TSA proposal to allow knives on planes delayed

Undated picture of knives released by the TSA Knives have not been allowed in the cabin since 9/11 - and these types would have remained banned

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The US transport safety authority has delayed a proposal to allow some small pocket knives aboard US flights for the first time since the 9/11 attacks.

The policy shift, which encountered fierce resistance from the public and the flight attendants' union, was to take effect on 25 April.

The delay was announced by Transportation Security Administration (TSA) chief John Pistole on Monday.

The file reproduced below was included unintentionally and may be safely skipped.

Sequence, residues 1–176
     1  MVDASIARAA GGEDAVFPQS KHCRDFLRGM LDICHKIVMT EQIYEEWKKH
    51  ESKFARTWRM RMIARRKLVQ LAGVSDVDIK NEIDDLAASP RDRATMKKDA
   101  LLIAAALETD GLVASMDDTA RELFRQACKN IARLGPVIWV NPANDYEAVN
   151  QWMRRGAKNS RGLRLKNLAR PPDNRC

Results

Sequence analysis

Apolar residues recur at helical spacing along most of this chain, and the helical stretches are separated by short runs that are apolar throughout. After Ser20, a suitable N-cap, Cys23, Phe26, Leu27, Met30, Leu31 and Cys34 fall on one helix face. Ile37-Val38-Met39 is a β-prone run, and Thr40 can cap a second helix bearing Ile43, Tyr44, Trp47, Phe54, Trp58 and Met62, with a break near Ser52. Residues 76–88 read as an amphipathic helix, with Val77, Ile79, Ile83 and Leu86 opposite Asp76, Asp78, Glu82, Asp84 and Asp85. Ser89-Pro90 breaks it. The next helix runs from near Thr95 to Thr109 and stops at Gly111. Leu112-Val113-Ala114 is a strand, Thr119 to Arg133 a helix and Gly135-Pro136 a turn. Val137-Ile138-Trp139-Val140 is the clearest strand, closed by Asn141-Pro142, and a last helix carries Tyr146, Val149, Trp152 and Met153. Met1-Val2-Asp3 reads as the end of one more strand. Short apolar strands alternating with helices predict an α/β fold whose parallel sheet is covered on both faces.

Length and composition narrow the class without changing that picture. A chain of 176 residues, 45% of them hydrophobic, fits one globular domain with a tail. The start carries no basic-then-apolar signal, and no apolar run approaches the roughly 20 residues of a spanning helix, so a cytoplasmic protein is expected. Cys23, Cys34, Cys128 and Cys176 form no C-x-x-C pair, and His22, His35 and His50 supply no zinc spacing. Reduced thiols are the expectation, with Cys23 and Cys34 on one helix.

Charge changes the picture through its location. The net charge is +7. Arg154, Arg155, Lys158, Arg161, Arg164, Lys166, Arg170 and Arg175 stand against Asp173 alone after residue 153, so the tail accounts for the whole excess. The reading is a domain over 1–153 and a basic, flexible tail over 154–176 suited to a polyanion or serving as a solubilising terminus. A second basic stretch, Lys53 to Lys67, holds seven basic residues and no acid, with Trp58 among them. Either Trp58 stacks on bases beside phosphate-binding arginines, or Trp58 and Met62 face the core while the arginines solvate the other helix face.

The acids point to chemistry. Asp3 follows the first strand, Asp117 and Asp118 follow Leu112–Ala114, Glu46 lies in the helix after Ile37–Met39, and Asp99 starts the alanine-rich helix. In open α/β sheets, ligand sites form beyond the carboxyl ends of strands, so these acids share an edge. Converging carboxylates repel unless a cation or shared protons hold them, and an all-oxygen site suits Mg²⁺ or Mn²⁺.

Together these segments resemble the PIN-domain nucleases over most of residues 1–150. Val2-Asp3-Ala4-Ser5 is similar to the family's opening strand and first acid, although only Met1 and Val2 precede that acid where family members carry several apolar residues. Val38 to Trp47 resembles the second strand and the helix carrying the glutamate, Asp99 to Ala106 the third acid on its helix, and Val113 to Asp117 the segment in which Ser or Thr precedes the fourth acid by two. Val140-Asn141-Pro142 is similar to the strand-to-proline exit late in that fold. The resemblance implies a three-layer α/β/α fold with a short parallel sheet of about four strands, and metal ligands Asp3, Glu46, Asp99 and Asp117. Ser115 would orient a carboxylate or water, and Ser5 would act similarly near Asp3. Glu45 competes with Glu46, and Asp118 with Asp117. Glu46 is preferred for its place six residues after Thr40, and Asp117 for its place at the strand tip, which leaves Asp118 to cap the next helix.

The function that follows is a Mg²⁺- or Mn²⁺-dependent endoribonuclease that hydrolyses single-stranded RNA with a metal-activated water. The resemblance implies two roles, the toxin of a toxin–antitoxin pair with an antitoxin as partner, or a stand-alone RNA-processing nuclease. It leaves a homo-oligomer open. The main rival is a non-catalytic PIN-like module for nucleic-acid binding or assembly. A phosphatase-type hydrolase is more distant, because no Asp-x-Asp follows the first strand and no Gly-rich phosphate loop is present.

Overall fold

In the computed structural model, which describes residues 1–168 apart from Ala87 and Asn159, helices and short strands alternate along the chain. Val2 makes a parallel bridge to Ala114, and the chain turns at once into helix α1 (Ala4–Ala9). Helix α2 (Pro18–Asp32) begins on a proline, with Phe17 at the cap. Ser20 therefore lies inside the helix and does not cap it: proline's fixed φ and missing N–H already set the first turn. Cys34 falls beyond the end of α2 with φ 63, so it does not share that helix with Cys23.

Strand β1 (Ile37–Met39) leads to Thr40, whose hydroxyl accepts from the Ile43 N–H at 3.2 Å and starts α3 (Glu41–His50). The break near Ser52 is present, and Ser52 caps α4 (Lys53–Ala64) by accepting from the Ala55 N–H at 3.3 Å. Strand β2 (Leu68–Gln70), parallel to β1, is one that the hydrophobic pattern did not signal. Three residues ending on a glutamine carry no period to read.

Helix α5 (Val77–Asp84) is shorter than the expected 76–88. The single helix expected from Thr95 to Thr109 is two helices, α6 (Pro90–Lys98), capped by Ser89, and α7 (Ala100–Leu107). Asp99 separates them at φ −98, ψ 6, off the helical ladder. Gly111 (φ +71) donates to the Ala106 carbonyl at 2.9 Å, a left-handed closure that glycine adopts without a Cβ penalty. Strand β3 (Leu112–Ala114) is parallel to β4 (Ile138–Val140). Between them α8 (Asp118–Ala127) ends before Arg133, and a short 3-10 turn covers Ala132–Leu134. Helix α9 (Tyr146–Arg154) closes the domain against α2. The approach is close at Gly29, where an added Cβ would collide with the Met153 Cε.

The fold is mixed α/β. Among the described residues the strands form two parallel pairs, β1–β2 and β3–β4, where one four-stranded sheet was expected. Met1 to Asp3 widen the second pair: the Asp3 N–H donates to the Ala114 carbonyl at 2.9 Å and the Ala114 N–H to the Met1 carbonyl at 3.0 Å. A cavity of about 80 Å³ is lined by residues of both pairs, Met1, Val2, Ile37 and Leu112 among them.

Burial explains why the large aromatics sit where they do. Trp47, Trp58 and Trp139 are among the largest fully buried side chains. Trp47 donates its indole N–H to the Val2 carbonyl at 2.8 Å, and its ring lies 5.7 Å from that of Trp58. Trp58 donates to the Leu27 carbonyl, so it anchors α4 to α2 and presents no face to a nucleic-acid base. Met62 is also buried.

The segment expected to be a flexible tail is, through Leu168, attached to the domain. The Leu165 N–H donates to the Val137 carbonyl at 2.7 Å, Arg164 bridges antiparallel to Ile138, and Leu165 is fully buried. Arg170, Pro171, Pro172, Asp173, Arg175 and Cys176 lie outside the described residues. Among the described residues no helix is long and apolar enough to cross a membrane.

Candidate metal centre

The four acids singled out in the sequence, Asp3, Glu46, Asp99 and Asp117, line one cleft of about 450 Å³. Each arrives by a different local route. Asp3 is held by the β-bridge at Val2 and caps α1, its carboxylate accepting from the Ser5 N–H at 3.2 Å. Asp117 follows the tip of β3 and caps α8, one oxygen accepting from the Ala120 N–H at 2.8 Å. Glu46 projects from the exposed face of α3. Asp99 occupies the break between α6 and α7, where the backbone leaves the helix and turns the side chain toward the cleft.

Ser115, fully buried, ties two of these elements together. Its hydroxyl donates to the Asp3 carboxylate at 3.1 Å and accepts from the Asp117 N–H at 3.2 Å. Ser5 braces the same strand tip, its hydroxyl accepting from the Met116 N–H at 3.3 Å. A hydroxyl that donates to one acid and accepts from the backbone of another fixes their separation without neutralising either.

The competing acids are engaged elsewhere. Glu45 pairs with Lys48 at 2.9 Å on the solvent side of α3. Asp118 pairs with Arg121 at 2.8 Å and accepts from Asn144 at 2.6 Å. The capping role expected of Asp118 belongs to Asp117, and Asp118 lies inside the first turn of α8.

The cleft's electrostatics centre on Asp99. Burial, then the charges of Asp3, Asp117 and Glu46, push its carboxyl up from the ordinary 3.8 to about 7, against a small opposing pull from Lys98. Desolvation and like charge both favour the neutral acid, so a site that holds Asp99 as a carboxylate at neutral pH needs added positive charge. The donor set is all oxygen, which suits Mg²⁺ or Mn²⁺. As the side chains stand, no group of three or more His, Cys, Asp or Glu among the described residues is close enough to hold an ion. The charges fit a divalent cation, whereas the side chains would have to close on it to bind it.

He had said the change would free screeners to focus on other threats.

Last month, Mr Pistole proposed allowing passengers to bring blades shorter than 2.36in (6cm) and narrower than 0.5in in plane cabins.

Also under the new policy, billiard cues, ski poles, and lacrosse and hockey sticks would be allowed in aeroplane cabins in carry-on luggage.

Fixed blades, razors and box cutters would still have been forbidden, the Transport Security Administration (TSA) said.

The TSA said the rules would bring the US into line with international guidelines and offer a better experience for passengers.

But in a letter to TSA employees released on Monday, Mr Pistole said the delay would allow for further consultation with aviation security experts.

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